Spendable profits are measured in dollars and cents. You can’t bank margin — you can bank dollars.
When I worked for Siemens, the focus was all about margin percentage. Evaluations were given, bonuses were paid and careers were made on margin percentage. If a job couldn’t be sold at a targeted margin percentage, then it wasn’t a job Siemens wanted.
One day one of my salespeople brought me a job to consider. It wasn’t a big job — maybe about $20,000 at a 13 percent margin. The dollars to be earned certainly weren’t enough to cover overhead allocations let alone make a profit. The job was well below the targeted margin percentage. Why should we even consider the job?
Well, the job was for a fire detection system at a new shopping center. My salesperson explained that the tenant buildouts alone would be worth a small fortune, and all would be required to connect to our panel.
So, my branch booked the job. Within two weeks, I was getting a call from corporate asking why we had booked such low-margin work.
Too many security companies evaluate their product lines and services by the margin of dollars earned, rather than the dollars that could be made selling the product or service. It’s a common mistake made by large corporations and short-sighted dealers. These companies establish a “target margin” for everything they sell, and walk away from anything that does not meet the margin standard.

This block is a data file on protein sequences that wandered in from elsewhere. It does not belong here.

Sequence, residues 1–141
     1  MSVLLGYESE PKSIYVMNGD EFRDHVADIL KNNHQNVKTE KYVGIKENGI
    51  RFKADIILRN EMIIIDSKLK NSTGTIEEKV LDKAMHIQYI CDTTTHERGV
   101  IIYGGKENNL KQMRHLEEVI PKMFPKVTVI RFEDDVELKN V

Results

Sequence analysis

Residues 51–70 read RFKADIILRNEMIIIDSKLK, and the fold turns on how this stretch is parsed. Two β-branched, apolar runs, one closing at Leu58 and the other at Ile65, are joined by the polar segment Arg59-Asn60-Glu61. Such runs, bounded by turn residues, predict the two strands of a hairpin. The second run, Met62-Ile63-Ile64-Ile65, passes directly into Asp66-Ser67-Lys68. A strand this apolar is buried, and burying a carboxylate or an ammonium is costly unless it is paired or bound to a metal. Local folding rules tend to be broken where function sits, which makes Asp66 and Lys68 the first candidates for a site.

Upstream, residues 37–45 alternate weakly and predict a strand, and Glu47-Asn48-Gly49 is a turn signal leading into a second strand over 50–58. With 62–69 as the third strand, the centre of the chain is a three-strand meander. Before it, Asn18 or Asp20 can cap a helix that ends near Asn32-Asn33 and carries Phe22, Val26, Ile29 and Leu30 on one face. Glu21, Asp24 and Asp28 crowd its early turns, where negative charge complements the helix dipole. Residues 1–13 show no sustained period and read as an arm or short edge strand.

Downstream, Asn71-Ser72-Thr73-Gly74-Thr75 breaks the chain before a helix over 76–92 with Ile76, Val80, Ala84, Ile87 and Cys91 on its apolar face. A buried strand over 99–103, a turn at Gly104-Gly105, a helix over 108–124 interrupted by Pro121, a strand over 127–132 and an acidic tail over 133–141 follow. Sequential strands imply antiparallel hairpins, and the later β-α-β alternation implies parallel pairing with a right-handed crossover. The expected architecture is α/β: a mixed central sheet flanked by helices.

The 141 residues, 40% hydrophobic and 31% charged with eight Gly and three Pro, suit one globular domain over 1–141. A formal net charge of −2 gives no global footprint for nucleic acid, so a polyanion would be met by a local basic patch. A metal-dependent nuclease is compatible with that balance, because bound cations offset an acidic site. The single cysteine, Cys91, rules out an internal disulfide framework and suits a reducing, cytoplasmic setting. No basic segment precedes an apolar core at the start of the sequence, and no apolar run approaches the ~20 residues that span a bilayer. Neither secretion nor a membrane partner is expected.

The problem with this approach is that it fails to consider the dollars represented by the profit margin. Rich companies understand that you bank dollars, not margin.
In the example I just shared, our sales rep understood that the dollars earned on the project would be significant and, at some point, the overall value of the entire project would meet target margin guidelines. That’s why we booked the project and made more than $1 million in profit on it.
You earn more dollars selling a $1,000 item at a 20 percent margin than you do a $100 item at a 40 percent margin. I don’t care how big your company is — cash is still king. You deposit dollars, not margin. By focusing only on margin, it’s easy to miss profitable dollars.
How can you avoid the trap of evaluating jobs simply by the target margin? I recommend a holistic view of the service or product. Evaluate the product or service from this view:
- What is the amount of dollars earned?
- Are there reasonable add-on opportunities that can help boost the gross sale value?
- Does adding the product or service improve your line and/or enhance what you are already selling?
- Does the product or service help differentiate your company in the marketplace?
- Is this a product or service you can sell? Are you enthusiastic about it?
Too many companies are only selling to a margin standard. This causes them to miss out on banking some serious dollars. Consider more than just margin and watch your earnings soar. /